Since the international release of Joseph Kosinski’s Oblivion earlier this week, I’ve heard a lot of negativity about the film. This weekend I checked it out for myself and was pleasantly surprised by this 70s sci-fi homage.
The movie is set in the year 2077, after a war with alien invaders called Scavengers has left the Earth uninhabitable. What’s left of the human race now lives on Titan, Saturn’s largest moon. Mechanic Jack Harper (Tom Cruise) is one of the few people left on Earth, responsible for maintaining the heavily armed drones that protect the large harvesters that are slurping up Earth’s remaining water supply. He also patrols the region for remaining “Scavs”, ragged Predator looking creatures that still try to disrupt the operations whenever they can. He lives in a futuristic and luxurious pad elevated high above the surface, together with his communications officer/companion Victoria (Andrea Riseborough).
All seems well (besides Earth being ruined by war with aliens that is), and Jack and Victoria are 2 weeks from finishing their mission and joining the rest of mankind on Titan. But it’s clear that something feels off. Their memories have been wiped prior to the mission for security reasons, there are strict regulations in place on where they can and can’t go, and their only contact with the rest of mankind is a video link with their commander Sally (Melissa Leo), who eerily keeps asking with every communication if they’re “still an excellent team.”
The first half of the movie is quite slow, with lots of Tom Cruise walking, flying and riding around devastated Earth (specifically what used to be NYC), repairing drones and patrolling for Scavs. A bit dull maybe, but I didn’t mind; the landscape was beautifully done and the ruins of the old world sticking out of the desert also serve a purpose for the buildup of the story; Jack has unexplained flashbacks of New York before the war and is, unlike Victoria, very nostalgic about the old books and artifacts he finds on the surface. The contrast between the clinical futuristic look of the new technology and the devastation below is very cool. The visuals really make this film worth seeing in the theater.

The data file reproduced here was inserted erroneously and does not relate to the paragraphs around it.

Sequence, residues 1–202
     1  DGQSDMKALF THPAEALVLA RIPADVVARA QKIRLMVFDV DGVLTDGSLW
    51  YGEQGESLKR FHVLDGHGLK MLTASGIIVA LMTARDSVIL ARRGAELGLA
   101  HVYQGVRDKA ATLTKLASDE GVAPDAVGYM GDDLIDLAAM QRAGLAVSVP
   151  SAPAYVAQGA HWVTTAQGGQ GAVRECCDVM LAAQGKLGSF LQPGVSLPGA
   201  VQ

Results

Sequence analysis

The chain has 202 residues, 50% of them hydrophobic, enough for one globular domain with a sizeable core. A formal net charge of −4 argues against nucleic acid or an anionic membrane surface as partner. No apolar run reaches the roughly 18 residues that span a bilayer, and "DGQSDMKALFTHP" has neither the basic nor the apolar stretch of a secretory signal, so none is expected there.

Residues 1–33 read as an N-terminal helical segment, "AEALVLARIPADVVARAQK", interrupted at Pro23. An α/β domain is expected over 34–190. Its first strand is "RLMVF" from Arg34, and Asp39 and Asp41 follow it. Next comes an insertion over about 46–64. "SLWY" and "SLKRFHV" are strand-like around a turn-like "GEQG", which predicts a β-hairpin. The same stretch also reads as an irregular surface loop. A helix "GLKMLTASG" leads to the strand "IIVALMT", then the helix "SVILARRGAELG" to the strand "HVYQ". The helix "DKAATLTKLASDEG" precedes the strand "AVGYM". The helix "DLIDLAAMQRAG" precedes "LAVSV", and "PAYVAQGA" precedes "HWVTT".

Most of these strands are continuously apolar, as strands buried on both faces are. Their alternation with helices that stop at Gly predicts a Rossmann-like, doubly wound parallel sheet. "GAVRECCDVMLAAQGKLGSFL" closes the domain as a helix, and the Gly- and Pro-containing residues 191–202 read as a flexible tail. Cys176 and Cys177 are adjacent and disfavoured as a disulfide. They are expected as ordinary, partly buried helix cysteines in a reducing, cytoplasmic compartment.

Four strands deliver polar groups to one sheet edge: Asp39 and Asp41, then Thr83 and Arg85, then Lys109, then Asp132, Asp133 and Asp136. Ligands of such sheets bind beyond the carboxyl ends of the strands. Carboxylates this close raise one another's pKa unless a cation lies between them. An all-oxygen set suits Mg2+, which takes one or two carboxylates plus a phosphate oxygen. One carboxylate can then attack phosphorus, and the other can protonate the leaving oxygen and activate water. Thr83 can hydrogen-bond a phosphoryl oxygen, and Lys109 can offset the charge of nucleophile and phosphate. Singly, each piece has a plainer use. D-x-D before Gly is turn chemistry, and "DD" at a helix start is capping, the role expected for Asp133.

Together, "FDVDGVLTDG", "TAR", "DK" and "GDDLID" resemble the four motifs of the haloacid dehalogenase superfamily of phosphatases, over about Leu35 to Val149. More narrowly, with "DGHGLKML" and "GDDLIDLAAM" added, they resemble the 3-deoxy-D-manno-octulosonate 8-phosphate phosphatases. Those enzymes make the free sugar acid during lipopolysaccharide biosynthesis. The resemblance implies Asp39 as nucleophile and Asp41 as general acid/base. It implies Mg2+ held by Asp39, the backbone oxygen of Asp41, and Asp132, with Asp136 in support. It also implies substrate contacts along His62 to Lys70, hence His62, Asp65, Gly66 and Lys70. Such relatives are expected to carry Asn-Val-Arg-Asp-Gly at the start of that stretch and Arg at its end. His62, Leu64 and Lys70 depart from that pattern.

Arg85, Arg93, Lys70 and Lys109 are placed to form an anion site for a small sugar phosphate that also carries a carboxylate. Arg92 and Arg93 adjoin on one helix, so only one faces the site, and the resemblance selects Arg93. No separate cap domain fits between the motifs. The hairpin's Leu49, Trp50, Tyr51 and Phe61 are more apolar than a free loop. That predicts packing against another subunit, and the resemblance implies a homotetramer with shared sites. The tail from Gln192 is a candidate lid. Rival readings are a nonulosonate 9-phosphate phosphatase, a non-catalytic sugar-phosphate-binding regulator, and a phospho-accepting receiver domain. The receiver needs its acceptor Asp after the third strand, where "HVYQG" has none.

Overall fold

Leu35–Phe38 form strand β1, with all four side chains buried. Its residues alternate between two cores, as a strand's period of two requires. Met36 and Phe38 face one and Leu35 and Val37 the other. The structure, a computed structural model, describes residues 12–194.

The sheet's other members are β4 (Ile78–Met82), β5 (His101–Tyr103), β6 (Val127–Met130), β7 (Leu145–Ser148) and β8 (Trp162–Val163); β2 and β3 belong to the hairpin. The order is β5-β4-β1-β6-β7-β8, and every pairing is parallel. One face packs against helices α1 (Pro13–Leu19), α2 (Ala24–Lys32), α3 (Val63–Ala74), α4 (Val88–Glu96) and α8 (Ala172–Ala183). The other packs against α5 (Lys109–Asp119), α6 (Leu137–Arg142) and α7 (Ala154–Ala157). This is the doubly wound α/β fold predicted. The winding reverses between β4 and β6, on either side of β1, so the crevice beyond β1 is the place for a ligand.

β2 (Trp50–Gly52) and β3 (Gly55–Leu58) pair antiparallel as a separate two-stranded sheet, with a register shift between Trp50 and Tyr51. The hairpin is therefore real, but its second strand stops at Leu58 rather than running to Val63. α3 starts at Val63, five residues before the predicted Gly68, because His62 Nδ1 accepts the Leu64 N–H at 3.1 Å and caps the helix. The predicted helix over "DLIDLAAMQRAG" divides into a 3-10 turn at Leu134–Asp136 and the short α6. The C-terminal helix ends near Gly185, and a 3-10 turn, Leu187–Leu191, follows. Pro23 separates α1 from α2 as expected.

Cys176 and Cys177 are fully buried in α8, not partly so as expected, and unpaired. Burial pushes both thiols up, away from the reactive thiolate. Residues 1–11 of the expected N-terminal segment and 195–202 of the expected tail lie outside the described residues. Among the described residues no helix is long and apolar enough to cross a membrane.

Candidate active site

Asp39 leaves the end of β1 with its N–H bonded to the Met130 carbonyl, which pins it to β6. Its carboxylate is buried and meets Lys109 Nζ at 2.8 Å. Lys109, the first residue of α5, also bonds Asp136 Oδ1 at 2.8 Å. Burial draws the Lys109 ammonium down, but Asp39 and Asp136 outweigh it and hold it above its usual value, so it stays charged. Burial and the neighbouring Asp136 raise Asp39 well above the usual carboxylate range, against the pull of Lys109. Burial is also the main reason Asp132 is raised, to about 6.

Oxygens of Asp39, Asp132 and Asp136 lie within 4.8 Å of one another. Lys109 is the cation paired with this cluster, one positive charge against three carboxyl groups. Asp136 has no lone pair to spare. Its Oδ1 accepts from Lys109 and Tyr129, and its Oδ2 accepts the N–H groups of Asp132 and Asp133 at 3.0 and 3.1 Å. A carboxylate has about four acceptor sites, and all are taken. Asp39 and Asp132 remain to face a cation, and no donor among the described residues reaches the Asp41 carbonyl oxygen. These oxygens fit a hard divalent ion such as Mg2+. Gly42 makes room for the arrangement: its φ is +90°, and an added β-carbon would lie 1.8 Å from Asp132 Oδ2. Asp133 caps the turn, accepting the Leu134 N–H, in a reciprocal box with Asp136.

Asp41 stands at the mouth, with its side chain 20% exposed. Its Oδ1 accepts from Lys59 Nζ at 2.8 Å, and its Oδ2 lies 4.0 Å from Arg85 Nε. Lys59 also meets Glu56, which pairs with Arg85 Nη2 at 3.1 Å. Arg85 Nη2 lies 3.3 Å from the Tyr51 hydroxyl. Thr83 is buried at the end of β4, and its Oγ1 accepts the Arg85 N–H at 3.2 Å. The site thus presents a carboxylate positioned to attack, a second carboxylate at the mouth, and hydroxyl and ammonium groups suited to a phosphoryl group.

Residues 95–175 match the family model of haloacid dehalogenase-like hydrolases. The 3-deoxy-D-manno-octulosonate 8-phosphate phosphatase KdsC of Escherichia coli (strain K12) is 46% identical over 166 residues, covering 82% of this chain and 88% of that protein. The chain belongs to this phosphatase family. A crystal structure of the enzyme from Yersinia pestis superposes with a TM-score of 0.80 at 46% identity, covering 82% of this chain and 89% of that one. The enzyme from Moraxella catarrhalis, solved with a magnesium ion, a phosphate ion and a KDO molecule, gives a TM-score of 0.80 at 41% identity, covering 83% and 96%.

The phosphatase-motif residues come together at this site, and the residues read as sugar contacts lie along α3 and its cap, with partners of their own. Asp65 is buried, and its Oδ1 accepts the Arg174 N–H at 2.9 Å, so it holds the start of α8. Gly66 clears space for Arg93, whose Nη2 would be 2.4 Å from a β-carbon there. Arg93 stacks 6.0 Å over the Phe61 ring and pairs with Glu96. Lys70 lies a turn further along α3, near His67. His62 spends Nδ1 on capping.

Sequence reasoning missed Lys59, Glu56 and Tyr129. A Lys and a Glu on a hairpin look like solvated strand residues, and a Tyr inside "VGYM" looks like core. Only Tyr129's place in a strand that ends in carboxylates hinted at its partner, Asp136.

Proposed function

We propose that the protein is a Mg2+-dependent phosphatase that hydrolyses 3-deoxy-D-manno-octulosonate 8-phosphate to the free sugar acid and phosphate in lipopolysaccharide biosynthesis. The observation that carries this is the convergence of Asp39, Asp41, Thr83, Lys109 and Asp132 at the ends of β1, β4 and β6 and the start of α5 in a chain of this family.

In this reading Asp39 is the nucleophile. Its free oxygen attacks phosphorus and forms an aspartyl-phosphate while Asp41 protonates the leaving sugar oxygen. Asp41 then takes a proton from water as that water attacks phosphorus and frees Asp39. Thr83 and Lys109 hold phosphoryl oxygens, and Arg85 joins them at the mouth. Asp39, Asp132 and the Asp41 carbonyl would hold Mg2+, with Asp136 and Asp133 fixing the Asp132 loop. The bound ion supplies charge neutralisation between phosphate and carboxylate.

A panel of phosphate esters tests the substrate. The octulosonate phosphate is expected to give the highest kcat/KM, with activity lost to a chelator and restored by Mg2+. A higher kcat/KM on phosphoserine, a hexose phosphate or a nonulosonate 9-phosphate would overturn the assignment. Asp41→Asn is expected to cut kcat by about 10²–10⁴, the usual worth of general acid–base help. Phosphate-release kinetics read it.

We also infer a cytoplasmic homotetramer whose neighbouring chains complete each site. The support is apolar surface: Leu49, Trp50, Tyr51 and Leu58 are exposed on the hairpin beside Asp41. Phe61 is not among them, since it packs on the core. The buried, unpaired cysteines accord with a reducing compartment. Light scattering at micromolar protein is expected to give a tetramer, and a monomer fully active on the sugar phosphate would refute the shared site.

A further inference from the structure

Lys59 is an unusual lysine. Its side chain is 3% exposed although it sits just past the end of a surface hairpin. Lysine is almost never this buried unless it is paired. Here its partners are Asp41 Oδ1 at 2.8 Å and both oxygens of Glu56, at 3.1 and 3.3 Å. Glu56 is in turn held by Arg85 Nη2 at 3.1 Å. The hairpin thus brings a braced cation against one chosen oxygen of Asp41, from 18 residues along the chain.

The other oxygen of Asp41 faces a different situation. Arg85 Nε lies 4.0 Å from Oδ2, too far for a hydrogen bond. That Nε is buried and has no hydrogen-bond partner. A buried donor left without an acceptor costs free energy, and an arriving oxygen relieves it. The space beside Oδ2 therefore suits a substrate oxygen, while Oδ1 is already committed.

Then halfway through the movie Morgan Freeman shows up and explains that things aren’t really what they seem (of course). After that the story turns into a sort of blend between 2001: A Space Odyssey, Moon and The Matrix, with a little bit of GLaDOS from Portal thrown in. I can’t tell you exactly what I mean by that without giving too much of the plot away, but it is pretty damn cool and not at all where I expected the story to go. At one point I thought I had it figured out but then some new stuff happened that really had me asking what the hell was going on. I also really liked how, towards the conclusion, they used flashbacks interwoven with the final scenes to tie all the ends together.
One thing I didn’t like so much though, was that after the dramatic ending that wraps the story up, they sort of pull a Return of the King and slap on another scene with a forced, happier ending than the real ending you just watched. But that’s just a minor peeve.
I can imagine one could argue that Oblivion doesn’t really bring anything new to the table and just uses concepts we’ve seen in earlier sci-fi, but it worked for me. I was surprised enough by the plot, the visuals were really nice and it had Morgan Freeman reciting poetry. 3 Nerdskulls. Go check out the movie and let us know what you think in the comments!
Here’s the latest trailer: